Published: Tuesday, Jul 26, 2016
Published : 26 Jul 2016, 00:19:28
Bangladesh Bank's MPS: What should be the stance?
Ahsan H Mansur
Bangladesh Bank is (BB) is likely to announce the Monetary Policy Statement (MPS) today (Tuesday) for the period July-December 2016. Prior to finalisation of the MPS, it held consultations with the stakeholders concerned. I had the opportunity to attend one of the stakeholders' consultations and also observe some of the commentaries recently came out in our national press about which way the next MPS should focus. In this presentation, I would like to share my thoughts with the broader public and fellow economists, which I have already conveyed to BB.
If we take a look at the performance against the objective set in the last MPS, we can notice that Bangladesh's inflation performance was better than targeted. To a large extent, this outcome was supported by lower international commodity prices and favourable domestic supply situation. In addition, we also observe that interest rates have started coming down because of lower inflation rate and access of domestic private sector to international capital market. Housing loan can now be obtained at less than 10% and prime borrowers can access the market even at rates of 5%-6%. In response to lower interest rates, private sector credit has also picked up significantly, and currently stands at more than 16%. These are all positive developments.
Now, what should be the objective of the next monetary policy against this background? What would BB like to achieve through the upcoming MPS?
I strongly feel that the objective should be to sustain the gains achieved in the previous year in terms of lowering the inflation and interest rates in a sustained manner. Point to point inflation has come down to 5.45 percent in May 2016, but it is still not low by any standard. Inflation expectation is still quite strong and wage pressures are very much there. At the same time the borrowing rates are still significantly above the corresponding rates of our trading partners and comparator countries.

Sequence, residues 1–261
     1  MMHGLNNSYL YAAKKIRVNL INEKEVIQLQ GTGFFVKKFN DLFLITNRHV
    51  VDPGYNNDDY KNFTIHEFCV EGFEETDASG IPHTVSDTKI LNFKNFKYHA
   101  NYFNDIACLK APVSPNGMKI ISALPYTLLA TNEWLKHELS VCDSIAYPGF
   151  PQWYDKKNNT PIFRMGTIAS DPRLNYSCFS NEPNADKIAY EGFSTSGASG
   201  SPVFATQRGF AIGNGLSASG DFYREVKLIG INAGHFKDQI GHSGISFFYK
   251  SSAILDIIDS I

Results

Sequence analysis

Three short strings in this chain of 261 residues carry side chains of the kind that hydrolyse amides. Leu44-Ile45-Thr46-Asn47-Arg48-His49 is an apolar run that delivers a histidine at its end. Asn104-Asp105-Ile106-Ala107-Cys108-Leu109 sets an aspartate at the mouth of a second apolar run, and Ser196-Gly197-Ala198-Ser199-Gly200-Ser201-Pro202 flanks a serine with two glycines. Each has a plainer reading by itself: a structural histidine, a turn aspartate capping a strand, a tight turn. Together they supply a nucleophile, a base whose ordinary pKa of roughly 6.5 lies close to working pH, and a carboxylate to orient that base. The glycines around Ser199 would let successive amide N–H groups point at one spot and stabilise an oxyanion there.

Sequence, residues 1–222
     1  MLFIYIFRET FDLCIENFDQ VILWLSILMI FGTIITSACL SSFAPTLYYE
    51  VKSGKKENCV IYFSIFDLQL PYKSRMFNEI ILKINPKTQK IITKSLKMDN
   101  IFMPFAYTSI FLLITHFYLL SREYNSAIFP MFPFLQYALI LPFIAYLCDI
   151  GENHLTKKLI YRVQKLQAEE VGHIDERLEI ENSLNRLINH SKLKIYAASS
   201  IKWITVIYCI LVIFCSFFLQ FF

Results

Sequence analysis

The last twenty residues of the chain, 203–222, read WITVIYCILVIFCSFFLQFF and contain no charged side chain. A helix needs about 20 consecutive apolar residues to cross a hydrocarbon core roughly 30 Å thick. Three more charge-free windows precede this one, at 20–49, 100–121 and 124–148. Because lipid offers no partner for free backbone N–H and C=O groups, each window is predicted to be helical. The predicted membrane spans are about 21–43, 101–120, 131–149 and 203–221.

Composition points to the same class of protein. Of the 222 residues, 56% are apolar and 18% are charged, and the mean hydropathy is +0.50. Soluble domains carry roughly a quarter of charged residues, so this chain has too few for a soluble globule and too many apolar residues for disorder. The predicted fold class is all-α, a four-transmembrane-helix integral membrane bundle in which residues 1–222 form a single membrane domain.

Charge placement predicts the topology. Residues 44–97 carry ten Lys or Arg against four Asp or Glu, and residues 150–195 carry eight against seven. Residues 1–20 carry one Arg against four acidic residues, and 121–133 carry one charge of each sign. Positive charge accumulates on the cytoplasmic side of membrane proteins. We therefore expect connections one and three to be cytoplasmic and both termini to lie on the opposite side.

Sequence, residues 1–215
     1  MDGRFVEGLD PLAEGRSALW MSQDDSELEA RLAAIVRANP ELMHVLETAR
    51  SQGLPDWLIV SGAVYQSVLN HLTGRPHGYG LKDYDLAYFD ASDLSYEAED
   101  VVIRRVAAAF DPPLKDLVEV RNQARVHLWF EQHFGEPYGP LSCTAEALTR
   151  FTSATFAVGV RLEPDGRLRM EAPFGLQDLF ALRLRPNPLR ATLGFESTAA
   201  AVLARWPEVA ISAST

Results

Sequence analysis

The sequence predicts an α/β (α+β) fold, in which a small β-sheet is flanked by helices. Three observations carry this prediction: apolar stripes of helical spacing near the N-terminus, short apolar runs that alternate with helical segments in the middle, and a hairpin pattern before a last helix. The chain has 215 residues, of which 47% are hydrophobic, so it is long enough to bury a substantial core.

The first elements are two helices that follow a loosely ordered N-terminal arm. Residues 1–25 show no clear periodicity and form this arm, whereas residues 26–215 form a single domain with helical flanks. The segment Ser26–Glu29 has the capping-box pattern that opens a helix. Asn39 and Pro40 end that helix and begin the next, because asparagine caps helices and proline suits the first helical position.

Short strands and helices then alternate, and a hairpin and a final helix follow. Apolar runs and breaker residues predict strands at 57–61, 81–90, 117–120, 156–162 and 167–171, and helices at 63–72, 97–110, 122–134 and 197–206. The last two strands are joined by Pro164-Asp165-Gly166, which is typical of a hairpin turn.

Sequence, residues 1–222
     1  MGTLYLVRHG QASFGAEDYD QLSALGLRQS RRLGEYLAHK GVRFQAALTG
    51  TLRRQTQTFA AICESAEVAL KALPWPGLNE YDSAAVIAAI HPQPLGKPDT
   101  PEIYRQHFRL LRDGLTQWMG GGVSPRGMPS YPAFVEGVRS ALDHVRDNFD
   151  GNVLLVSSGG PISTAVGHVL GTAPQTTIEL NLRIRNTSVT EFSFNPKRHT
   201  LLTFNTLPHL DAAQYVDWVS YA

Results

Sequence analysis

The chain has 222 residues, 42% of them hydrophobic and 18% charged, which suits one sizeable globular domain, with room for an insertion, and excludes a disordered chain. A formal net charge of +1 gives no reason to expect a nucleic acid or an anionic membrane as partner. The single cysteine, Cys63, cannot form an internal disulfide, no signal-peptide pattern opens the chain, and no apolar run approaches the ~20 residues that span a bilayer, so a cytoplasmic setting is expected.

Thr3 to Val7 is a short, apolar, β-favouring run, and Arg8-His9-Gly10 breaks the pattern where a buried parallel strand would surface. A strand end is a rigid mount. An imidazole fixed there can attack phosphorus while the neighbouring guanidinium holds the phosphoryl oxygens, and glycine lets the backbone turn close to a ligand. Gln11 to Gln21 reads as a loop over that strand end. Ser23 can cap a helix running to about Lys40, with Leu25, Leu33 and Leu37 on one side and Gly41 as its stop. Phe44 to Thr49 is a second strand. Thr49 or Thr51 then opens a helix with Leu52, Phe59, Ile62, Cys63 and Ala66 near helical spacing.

BB's policy of keeping the exchange rate virtually pegged against the US dollar, despite a significantly wide inflation differential above our trading partners, is contributing to rapid appreciation of Taka. While BB is rightly buying dollar from the interbank market to keep the exchange rate stable against dollar at the current level at 78 per US dollar, the real effective exchange rate (REER) of Bangladesh Taka has already appreciated significantly (by more than 50% over the last 5 years through March 2016). This clearly is not very supportive of our export objective. If our inflation rate remains significantly above our trading partners throughout the medium term and BB maintains a virtual peg against the dollar, then the resulting large loss of competitiveness is bound to hurt our exporters.
There are two ways of addressing this issue:
First, bring down the inflation rate over time so that the degree of appreciation of Taka in real effective term is limited. Second, engineer a nominal depreciation of the currency in line with the inflation differential vis-a-vis the trading partners. Between the two, BB should certainly opt for the first one and thereby aim at bringing down the inflation rate steadily towards the average of BD's trading partners and maintain exchange rate stability.
The lower inflation will also help sustain the recent reduction in interest rates. Lending rates have come down significantly in recent months, but it needs to come down much more to be similar to the levels enjoyed by the exporters of our competitor countries. Lower inflation would help BB to lower the whole interest rate structure while ensuring reasonable real returns to the depositors. Maintaining the balance between the deposit and lending rates is also very important if we want to reduce the whole interest rate structure in a sustainable manner. However, it is also true that the scope for significantly reducing the lending rate is being seriously undermined by the wide spread between the lending and deposit rates that Bangladeshi banks still maintain. While the average spread has marginally come down to 4.90 (as of May 2016) more than half of the commercial banks are still charging spreads above 5%.